The sequel to the genre-defining, landmark bestseller Presumed Innocent, INNOCENT continues the story of Rusty Sabich and Tommy Molto who are, once again, twenty years later, pitted against each other in a riveting psychological match after the mysterious death of Rusty's wife.
About the Author
Scott Turow is a writer and attorney. He is the author of seven best-selling novels: Presumed Innocent (1987), The Burden of Proof (1990), Pleading Guilty (1993), The Laws of Our Fathers (1996), Personal Injuries (1999), Reversible Errors (2002) and Ordinary Heroes (2005). A novella, Limitations, was published as a paperback original in November 2006 by Picador following its serialization in The New York Times Magazine. His works of non-fiction include One L (1977) about his experience as a law student, and Ultimate Punishment (2003), a reflection on the death penalty. He frequently contributes essays and op-ed pieces to publications such as The New York Times, Washington Post, Vanity Fair, The New Yorker, Playboy and The Atlantic. Mr. Turow's books have won a number of literary awards, including the Heartland Prize in 2003 for Reversible Errors and the Robert F. Kennedy Book Award in 2004 for Ultimate Punishment and Time Magazine's Best Work of Fiction, 1999 for Personal Injuries. His books have been translated into more than 25 languages, sold more than 25 million copies world-wide and have been adapted into one full length film and two television miniseries.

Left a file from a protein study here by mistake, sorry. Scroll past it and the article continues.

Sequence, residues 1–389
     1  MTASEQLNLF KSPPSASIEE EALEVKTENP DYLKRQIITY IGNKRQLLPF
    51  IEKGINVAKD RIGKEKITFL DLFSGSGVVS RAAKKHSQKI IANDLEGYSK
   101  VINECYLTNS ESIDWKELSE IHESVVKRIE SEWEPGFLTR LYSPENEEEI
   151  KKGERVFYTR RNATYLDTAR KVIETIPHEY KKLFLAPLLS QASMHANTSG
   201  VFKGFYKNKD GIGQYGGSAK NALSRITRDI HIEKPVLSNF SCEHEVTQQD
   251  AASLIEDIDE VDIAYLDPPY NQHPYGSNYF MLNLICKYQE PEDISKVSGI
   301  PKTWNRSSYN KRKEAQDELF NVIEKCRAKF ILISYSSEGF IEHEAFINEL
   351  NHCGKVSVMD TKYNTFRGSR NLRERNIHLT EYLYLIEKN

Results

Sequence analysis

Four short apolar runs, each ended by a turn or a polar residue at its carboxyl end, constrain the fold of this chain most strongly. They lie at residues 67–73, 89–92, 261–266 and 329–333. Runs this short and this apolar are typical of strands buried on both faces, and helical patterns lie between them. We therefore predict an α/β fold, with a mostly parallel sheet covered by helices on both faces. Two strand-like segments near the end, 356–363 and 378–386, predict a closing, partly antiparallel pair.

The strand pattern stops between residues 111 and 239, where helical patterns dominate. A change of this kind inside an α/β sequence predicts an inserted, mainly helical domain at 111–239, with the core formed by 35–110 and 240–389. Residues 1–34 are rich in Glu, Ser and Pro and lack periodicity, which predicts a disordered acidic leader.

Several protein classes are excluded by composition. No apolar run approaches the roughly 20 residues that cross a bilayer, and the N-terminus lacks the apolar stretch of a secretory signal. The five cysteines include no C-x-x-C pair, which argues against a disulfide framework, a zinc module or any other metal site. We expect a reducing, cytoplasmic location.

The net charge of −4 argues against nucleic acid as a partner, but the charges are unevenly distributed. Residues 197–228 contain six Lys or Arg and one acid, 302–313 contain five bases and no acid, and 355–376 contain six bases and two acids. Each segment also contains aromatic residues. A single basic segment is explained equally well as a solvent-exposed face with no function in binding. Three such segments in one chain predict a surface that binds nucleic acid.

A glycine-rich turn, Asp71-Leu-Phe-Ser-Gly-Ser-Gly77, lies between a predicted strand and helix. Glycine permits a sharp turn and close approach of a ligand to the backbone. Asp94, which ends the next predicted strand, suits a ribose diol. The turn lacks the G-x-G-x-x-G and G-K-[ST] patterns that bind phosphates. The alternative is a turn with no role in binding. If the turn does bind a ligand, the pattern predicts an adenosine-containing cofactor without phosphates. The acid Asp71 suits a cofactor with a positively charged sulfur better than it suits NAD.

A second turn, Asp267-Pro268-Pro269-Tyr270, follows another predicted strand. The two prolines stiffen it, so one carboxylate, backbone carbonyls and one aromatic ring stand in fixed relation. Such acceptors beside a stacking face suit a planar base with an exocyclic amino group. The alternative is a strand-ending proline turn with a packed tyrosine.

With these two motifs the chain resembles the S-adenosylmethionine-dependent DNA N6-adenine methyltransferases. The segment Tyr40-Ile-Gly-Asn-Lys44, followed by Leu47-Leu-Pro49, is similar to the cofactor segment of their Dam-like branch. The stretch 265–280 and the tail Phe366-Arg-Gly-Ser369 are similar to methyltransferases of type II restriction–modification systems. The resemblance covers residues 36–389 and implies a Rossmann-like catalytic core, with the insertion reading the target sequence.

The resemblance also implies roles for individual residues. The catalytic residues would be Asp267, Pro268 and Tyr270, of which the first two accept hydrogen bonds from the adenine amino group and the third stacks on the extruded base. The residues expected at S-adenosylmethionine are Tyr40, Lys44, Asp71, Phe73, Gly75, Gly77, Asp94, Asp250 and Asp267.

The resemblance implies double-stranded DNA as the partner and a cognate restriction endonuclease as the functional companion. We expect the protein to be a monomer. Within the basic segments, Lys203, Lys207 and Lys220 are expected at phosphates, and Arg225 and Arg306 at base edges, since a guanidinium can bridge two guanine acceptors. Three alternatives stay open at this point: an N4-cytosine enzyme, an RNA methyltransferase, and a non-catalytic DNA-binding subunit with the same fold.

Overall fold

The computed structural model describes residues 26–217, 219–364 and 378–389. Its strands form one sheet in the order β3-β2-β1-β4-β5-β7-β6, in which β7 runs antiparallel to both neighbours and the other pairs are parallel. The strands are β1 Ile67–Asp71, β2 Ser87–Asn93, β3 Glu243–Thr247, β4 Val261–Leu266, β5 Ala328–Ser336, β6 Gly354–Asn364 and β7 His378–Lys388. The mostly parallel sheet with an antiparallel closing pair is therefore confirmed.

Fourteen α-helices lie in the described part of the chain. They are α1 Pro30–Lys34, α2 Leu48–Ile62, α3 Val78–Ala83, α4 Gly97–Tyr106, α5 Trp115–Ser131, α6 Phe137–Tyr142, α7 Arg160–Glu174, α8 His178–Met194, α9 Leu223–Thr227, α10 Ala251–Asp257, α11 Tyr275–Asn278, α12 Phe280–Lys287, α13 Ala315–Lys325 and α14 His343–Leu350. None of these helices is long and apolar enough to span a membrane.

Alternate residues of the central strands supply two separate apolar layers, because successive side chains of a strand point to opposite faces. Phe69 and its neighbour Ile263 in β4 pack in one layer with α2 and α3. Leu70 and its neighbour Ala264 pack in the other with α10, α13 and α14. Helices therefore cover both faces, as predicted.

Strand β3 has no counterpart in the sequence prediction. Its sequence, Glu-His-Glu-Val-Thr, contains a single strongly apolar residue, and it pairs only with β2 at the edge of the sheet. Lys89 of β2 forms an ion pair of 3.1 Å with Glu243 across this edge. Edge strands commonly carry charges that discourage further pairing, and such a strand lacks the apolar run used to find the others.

Praise for Innocent…
"There are so many twists and turns in this one you'll never guess what really happened. The story is expertly narrated from the main characters' points of view by Edward Herrmann in the male parts and Orlagh Cassidy as the female characters ...Herrmann masterfully portrays the stoic Savich, his confused adult son, and the relentless defense lawyer Sandy Stern, who is weakened by cancer. Cassidy is superb...the quality of the writing is high, and the narration sterling."—AudioFile
"Narrators Herrmann and Cassidy give quality fully vocalized readings, making listeners want to tackle this in one sitting. You won't need to have ever read the first in order to enjoy the second. But do both, and take them in order, if only just to double your pleasure."—Sound Commentary